01-15-2014 5:38 AM
An appeals court has ruled that the FCC overreached its bounds when it comes to net neutrality. Basically the FCC could rewrite the rules but in the mean time, who, if any, will be the first to cut a deal with Netflix and throttle Amazon?
01-15-2014 6:39 AM
01-24-2014 9:42 AM
Yup, and you can bet AT&T, as well as any other provider that does Internet and TV will be sending a bus full of lawyers and campaign funds to Washington.
The FCC better get on the ball and reclassify or we're all gonna be using our Internet connections for what the provider wants, not what we want.
How can you be in two places at once, when your not anywhere at all?
I really want to become a procrastinator, but I keep putting it off.
There are three kinds of people, those that can count, and those that can't.
“Our great democracies still tend to think that a stupid man is more likely to be honest than a clever man, and our politicians take advantage of this prejudice by pretending to be even more stupid than nature has made them." :Bertrand Russell
01-31-2014 9:24 PM
Hmmmmm. And guess who controls the FCC.
02-01-2014 5:44 AM
The politicians, who are controlled by the lobbyists, who are hired by companies with big pockets.
02-20-2014 6:24 AM - edited 02-20-2014 6:58 AM
02-20-2014 8:08 AM
I do not believe that Verizon is technically throttling Netflix's traffic, no more than I believe that AT&T is specifically throttling Netflix's traffic. What I do believe is that neither of them is growing their network connections in the direction of Netflix's incoming traffic, even though they recognize that those connections are often becoming overburdened as a result of the traffic generated by Netflix. This situation will continue until some compensation arrangement is arrived at so that the ISP can cover the expenses of the increased connections (and probably some profit as well).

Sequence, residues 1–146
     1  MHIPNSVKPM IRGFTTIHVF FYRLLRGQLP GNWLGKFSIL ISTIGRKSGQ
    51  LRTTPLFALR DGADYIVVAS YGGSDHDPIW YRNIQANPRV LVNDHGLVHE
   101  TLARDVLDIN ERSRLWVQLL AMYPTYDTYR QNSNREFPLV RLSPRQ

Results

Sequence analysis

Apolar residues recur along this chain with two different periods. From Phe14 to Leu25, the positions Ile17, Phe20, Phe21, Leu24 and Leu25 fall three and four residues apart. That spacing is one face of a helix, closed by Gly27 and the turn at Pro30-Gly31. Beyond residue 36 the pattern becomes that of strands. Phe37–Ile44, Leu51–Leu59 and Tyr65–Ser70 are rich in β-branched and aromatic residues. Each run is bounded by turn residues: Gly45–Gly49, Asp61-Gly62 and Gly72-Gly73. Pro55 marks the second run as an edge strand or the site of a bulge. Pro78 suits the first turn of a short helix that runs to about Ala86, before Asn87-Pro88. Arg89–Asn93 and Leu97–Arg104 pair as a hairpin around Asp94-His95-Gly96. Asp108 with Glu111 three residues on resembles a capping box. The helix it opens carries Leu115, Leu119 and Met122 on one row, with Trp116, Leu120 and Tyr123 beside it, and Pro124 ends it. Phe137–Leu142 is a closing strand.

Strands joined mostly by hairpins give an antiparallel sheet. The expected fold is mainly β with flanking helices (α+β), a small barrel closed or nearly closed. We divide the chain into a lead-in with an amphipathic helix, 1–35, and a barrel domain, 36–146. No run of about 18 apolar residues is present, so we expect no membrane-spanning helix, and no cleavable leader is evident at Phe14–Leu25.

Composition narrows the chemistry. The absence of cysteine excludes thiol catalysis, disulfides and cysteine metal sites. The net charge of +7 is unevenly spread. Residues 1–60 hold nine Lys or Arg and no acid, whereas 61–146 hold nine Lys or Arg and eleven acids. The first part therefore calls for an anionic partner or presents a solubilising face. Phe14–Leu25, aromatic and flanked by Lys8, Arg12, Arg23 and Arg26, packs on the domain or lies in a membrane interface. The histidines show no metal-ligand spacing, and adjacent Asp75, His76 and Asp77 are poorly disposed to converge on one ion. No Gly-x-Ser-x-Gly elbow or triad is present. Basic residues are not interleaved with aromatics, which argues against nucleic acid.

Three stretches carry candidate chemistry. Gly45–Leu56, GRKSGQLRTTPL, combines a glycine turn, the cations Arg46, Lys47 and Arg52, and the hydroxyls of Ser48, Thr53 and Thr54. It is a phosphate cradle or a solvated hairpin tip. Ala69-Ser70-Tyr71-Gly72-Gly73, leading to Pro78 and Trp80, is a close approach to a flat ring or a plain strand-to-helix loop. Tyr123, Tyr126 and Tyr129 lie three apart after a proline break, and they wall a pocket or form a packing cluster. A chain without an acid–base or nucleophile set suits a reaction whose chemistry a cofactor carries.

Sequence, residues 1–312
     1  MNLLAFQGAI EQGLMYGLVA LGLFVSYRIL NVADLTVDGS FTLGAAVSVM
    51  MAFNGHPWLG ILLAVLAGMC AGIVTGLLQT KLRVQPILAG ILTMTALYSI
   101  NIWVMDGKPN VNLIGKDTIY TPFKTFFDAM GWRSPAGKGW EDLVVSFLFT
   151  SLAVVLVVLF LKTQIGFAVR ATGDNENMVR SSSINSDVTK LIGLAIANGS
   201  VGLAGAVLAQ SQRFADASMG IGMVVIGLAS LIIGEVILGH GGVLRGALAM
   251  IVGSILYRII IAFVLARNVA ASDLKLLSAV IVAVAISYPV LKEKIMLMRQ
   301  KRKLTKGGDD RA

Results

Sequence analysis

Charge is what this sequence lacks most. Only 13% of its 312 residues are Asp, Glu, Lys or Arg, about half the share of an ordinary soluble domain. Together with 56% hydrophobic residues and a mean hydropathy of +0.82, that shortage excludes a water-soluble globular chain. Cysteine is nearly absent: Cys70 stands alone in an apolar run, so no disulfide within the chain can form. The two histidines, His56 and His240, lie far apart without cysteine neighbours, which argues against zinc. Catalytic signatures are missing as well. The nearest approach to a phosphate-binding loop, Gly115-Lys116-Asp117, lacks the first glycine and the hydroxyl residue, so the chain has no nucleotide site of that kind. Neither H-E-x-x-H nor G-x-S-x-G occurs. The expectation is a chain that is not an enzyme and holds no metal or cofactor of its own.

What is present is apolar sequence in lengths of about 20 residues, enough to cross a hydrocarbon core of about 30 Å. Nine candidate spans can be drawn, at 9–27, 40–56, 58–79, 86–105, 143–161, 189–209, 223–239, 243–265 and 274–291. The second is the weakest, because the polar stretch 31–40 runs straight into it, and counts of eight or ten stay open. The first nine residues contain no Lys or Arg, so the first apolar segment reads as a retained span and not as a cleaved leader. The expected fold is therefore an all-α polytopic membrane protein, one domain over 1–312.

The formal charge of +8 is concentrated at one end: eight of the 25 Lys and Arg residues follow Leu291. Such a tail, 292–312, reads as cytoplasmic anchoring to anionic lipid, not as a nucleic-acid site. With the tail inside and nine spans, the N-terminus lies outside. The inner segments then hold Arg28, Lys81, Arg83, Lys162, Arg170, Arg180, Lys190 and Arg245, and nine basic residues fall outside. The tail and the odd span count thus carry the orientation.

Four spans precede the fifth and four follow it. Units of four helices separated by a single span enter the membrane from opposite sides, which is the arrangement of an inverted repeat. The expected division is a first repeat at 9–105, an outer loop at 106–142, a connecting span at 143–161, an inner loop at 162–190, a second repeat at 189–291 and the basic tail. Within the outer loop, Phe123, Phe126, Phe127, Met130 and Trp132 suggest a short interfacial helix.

And, no, I don't think this is a violation of neutrality. I may be in the minority in this opinion.
02-21-2014 3:51 AM
I'm a Netflix subscriber and I feel that Netflix is partially at fault here. They are not willing to help pay for the upgrades necessary, or pay fee's to the ISPs to offset the costs for the last mile service. I know many Netflix customers who would be angry with a rise in subscription costs, but I can understand and would not have any issues if the increase was not too much.
02-21-2014 9:37 AM
From what I got out of that article, it sounds like a throttle to me. I have to chuckle when I see reports that state that "Netflix uses 78% (or whatever it is) of the World's Internet bandwidth." And what esteemed, learned, institute is putting that out? Probably a Verizon (or Comcast, or AT&T) funded "Think Tank," guising itself as a legitimate body. Kinda like AT&T saying that if we don't enforce DSL caps, the entire network will crumble. Network? No we actually meant "profit model," our bad.
02-22-2014 9:30 AM
They're not saying (or it's not what they mean) that Netflix is using 78% (or whatever) of the world's available bandwidth. What they're doing is measuring actually traffic and they're saying that 78% of the volume of traffic came from Netflix.
And I take throttling to mean that the ISP is actively blocking traffic that it has the capacity to pass. Or it is specifically acting on some traffic (based on some parameters) to keep traffic within its capacity to pass. I don't believe that this represents what AT&T is doing. I think they're just not acting to increase capacity of the links between them and other entities.
This has the practical effect of blocking mostly Netflix traffic, because that's mostly what's coming through these affected connection points. To me throttling would be that they have their routers look at and priorize the traffic and not allow Netflix traffic through while delibarately allowing others in. It may be a subtle difference, but it's real.
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